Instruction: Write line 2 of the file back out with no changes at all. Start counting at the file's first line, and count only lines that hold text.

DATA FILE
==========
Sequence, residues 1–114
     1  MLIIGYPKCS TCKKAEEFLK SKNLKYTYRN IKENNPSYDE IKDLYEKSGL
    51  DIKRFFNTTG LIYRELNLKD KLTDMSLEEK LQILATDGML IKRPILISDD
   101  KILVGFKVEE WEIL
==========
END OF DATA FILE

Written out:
     1  MLIIGYPKCS TCKKAEEFLK SKNLKYTYRN IKENNPSYDE IKDLYEKSGL